Parental Guide to Apprenticeships
As a parent you want your child to get the best possible start in their career. There are many options available to young people after they leave school, and in this guide we outline information and benefits about apprenticeships as a key route into a successful career.
What’s an Apprenticeship?
It’s a real job, with real training, meaning you can earn whileyou learn and gain a nationally recognised qualification.
What are the benefits?
Apprenticeships are now available up to degree level and beyond. Over 50 national universities are currently offering a range of degree apprenticeships with more to be confirmed throughout the year.
- Earning a salary and paid holiday
- Excellent progression opportunities, whether looking to study further or climb theranks within the workplace
- Increased future earning potential - apprentices enjoy marked salary increases onfinishing their training and those completing a higher apprenticeship could seeincreased earnings of an estimated £150,000 over their lifetime.*
What levels are there?
There are various levels of apprenticeship to apply for depending on current skills andqualifications. Apprenticeships have equivalent educational levels:
- Intermediate Level 2: Equivalent to 5 GCSE passes at grades A* to C
- Advanced Level 3: Equivalent to 2 A level passes
- Higher Levels 4, 5, 6 and 7: Equivalent to Foundation degree and above
- Degree Levels 6 and 7: Equivalent to Bachelor’s or master’s degree
All apprenticeships include elements of on the job and off the job training leadingto industry recognised standards or qualifications. Some apprenticeships will requirean assessment at the end of the programme to assess the apprentice`s ability andcompetence in their job role.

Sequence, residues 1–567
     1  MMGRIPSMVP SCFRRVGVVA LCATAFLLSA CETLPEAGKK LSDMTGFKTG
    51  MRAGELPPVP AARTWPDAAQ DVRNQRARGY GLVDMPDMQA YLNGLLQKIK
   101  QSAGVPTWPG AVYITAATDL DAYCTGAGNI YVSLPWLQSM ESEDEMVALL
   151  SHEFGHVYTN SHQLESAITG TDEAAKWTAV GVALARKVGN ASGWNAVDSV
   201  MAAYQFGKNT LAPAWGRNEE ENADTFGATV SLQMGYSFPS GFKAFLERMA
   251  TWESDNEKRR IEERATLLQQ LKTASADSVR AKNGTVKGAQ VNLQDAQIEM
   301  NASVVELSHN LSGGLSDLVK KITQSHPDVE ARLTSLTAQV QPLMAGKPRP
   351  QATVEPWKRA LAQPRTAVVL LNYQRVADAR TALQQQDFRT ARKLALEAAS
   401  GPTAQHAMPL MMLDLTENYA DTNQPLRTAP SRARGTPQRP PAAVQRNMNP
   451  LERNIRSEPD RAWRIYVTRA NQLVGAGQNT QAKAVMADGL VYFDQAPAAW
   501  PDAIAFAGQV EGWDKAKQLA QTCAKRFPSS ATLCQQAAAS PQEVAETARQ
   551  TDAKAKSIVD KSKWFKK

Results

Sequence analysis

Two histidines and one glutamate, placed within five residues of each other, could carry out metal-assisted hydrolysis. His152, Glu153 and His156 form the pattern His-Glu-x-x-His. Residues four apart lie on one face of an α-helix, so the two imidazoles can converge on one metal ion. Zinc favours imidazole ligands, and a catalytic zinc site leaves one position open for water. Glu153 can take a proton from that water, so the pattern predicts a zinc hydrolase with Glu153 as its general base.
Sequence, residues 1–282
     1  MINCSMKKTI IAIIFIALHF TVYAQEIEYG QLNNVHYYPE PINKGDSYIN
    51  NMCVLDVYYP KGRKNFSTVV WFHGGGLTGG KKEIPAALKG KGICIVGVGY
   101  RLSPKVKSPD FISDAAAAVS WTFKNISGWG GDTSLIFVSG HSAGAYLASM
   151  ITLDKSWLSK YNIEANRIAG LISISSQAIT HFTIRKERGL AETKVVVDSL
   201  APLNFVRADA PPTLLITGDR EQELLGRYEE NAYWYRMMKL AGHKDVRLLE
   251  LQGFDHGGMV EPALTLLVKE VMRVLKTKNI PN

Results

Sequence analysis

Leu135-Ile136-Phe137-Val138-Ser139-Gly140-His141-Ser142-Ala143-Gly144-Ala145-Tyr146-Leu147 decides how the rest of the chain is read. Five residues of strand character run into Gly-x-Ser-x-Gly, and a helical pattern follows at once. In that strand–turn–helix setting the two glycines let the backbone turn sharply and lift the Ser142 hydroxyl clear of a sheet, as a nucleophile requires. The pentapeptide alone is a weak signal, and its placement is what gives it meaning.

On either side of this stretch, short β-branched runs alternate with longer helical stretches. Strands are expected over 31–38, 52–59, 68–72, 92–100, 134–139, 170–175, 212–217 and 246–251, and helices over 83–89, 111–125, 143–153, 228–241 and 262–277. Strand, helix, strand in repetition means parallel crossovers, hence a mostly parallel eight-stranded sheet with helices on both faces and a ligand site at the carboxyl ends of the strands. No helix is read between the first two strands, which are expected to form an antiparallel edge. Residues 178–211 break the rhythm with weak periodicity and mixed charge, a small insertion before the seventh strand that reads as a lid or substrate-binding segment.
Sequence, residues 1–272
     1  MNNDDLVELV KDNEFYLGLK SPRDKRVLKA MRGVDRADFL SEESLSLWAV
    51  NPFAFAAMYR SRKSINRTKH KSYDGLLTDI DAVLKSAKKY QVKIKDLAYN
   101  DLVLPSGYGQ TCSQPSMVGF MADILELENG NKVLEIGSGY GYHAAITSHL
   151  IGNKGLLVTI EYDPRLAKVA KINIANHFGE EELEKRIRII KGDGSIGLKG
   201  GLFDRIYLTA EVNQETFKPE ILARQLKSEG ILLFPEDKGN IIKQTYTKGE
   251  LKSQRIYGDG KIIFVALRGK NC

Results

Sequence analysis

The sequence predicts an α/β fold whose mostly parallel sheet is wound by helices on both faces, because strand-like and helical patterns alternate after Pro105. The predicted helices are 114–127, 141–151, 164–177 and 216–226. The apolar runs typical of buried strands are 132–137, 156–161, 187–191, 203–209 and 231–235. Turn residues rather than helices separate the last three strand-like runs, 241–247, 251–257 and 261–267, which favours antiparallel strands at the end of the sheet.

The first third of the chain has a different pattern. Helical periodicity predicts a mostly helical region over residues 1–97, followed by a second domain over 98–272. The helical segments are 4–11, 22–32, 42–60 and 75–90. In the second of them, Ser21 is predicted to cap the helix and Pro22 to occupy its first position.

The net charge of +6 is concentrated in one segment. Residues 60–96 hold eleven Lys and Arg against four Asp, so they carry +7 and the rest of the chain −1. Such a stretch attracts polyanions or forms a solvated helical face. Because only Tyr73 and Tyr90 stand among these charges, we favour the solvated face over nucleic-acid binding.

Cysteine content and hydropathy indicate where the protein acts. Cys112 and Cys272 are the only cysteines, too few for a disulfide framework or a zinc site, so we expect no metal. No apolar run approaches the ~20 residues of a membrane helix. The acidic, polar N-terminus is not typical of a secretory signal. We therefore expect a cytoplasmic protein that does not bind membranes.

How do you apply?
At any one time there are up to 28,000 apprenticeship vacancies available online in avariety of careers and industries across England. Visit gov.uk/apply-apprenticeship. You can search by keyword (job role, occupation type or apprenticeship level) and by location.
Once the right job comes up, your son or daughter can simply register on the website and follow the step by step instructions to apply for the role.
The apprenticeships YouTube channel has useful hints and tips on applying plus other videos onapprenticeships, visit YouTube and search apprenticeships/NAS.
If they are not quite ready for an apprenticeship or job, they could try a traineeship with a local employer to gain valuable work experience and the opportunity to improve their English and Maths, if needed. Visit gov.uk/find-traineeship for more information or to apply for traineeship opportunities.
The minimum wage for apprentices is £3.50** per hour, but many employers pay more than this. This is dependant on the sector, region and apprenticeship level e.g. some higher apprenticeships pay up to £500 per week. More details on salaries and entry criteria in specific apprenticeship occupations can be accessed by looking at the vacancies on ‘Find an apprenticeship’.
Apprenticeships are available to anyone over the age of 16, living in England. There are different entry requirements depending on the sector and job.
Some apprenticeship vacancies will display the `Positive about disabled` logo meaning the employer has agreed to take action to meet five commitments regarding the employment, retention, training and career development of disabled employees. Any disabled candidate applying for vacancies showing this logo will be guaranteed an interview as long as they meet the requirements for the job being applied for.***
School leaving age
The government has stated that all young people must stay in some form of education or training until at least their 18th birthday. This does not necessarily mean staying in school, young people have a choice about how they continue in education or training post 16, which could be through an apprenticeship or traineeship.